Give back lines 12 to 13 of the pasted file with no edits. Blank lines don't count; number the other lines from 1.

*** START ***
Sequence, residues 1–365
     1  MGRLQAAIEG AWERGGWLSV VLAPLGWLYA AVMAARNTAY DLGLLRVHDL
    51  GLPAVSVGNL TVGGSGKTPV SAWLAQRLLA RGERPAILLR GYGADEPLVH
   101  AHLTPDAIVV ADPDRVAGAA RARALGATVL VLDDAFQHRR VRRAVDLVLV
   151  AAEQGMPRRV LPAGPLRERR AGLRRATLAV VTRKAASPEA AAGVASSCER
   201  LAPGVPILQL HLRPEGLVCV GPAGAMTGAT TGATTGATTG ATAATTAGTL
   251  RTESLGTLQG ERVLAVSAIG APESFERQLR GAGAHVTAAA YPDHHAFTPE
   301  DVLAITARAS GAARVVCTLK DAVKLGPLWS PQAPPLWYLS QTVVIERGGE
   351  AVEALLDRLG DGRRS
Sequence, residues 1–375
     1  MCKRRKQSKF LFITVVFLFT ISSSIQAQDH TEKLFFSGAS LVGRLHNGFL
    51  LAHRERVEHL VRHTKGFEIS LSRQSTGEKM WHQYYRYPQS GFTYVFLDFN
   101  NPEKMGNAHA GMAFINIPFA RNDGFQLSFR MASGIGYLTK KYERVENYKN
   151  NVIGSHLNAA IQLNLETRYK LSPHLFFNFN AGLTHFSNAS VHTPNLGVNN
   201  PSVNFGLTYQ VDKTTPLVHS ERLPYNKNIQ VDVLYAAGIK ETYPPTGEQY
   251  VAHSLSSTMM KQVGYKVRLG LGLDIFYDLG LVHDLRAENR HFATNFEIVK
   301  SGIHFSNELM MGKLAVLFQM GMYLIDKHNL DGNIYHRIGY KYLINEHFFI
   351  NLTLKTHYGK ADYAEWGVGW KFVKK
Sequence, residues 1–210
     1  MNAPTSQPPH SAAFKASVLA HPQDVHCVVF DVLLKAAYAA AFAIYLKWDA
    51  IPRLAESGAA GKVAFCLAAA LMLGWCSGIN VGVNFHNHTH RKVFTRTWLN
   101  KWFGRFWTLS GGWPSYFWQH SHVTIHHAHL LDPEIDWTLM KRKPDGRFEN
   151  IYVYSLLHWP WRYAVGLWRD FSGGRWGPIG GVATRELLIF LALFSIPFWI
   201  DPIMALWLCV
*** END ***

    51  LAHRERVEHL VRHTKGFEIS LSRQSTGEKM WHQYYRYPQS GFTYVFLDFN
   101  NPEKMGNAHA GMAFINIPFA RNDGFQLSFR MASGIGYLTK KYERVENYKN